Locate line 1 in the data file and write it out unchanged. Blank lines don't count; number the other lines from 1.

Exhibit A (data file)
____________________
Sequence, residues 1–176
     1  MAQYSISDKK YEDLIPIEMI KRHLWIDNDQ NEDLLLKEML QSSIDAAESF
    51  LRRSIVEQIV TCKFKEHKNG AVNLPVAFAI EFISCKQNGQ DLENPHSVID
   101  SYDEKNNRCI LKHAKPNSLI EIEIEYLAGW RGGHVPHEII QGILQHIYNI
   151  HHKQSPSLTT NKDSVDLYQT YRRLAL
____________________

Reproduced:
Sequence, residues 1–176